Out of concern for the implications plastics have for the environment, there has been a growing movement among cities and states to regulate the use of single-use plastic bags. As the public sector launches policy initiatives to prevent the environmental hazard caused by plastics, more and more companies are proactively stepping up to address the issue. Brands like Walmart, IKEA, Trader Joe’s and Whole Foods Market have all banned single-use plastic bags or implemented other efforts to promote sustainable shopping habits.
The ALDO Group, a Canadian-based footwear and accessories company, is the latest brand to take a bold stance on the issue of single-use shopping bags. This week the group announced that both ALDO and Call It Spring will begin to phase out all single-use shopping bags from its corporate stores worldwide. The newest bag-free initiative provides shoppers with the option to choose an eco-designed shoebox with a built-in handle over the traditional single-use paper bag. Customers who prefer a bag will be able to purchase reusable eco-totes, from which all profits will be donated to The Ocean Legacy Foundation, the Ocean Conservancy and ME to WE, which supports clean water projects in Kenya.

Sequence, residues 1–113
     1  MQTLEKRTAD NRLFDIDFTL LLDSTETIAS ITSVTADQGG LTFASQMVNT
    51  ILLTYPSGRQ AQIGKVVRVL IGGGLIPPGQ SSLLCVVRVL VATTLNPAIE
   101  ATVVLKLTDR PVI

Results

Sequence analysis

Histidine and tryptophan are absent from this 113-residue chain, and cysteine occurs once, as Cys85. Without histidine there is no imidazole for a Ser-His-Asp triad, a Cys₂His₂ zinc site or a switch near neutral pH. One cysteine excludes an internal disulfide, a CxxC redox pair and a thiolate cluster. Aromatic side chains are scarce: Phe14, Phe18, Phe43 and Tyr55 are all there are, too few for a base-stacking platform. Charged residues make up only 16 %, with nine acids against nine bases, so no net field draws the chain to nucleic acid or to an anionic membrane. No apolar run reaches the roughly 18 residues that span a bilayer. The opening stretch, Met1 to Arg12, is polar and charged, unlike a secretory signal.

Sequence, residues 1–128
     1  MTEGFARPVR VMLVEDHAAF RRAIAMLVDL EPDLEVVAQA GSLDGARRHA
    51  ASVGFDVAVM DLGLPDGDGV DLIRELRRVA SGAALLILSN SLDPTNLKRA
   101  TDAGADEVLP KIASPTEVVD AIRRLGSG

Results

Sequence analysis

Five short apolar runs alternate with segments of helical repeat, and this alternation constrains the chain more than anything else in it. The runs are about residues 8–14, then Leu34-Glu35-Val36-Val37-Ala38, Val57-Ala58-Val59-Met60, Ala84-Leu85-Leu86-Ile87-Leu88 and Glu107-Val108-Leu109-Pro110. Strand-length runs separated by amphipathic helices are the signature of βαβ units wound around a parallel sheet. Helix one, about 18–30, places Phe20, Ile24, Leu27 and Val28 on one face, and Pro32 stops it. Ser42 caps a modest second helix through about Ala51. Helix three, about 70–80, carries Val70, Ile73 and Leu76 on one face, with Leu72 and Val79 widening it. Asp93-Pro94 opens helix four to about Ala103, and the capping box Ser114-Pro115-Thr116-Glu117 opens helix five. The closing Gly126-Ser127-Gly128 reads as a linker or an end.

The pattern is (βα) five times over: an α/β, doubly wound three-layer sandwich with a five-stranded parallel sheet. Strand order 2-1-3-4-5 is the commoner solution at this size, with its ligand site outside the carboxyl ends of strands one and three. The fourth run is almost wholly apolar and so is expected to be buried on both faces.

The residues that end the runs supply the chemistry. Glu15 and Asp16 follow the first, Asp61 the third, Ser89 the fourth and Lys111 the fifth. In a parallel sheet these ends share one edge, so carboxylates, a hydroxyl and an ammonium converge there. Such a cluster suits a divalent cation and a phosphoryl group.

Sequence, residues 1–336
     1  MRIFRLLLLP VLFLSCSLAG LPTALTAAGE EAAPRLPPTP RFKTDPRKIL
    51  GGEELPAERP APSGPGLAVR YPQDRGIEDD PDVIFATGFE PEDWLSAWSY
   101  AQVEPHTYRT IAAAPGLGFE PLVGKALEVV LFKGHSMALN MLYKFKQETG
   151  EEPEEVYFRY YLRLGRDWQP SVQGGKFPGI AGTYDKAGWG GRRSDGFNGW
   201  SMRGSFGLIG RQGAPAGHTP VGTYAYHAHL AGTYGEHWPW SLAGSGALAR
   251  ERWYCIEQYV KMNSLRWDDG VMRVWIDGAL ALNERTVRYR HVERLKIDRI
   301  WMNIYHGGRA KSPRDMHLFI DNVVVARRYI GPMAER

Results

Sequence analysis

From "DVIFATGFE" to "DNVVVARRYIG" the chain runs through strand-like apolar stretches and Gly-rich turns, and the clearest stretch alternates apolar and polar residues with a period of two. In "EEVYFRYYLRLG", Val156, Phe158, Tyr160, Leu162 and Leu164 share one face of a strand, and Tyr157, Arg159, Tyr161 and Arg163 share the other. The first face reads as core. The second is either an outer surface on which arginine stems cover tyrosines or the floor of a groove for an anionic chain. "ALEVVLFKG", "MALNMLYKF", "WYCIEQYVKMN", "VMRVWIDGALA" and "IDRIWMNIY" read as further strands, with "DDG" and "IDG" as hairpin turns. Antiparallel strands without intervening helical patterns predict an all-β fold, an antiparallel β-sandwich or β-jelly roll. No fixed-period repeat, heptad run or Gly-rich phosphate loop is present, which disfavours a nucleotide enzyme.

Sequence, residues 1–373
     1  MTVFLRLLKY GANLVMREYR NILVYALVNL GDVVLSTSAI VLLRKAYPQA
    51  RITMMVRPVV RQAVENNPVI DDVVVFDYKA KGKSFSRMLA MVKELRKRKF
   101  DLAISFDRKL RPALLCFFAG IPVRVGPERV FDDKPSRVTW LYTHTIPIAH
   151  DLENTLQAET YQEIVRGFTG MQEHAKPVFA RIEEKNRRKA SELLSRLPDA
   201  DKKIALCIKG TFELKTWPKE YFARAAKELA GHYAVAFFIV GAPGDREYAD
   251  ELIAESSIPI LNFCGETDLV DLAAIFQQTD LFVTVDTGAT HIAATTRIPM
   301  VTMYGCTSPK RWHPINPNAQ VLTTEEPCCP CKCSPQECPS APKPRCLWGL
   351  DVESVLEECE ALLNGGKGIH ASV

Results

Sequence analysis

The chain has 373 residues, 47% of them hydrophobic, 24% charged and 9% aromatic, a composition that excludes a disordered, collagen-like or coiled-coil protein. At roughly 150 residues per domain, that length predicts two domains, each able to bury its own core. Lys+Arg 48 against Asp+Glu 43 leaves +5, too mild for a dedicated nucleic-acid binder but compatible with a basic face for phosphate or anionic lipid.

The ALDO Group estimates that the elimination of these shopping bags will keep 10 million bags out of the ecosystem and save approximately 8,500 trees per year. The initiative will include activations in New York and London that will showcase the impact the brand will have by moving away from single-use bags. These activations will take inspiration from both Central Park and Hyde Park, and stores will be completely paperless during both events.
In addition to existing regulation, companies and brands also wield an enormous power to influence sustainable consumer habits and the well-being of the environment. Not only do initiatives like ALDO’s help to ensure the longevity of the natural environment we all rely on; they also serve as a unique opportunity to engage with both shoppers and communities in key markets.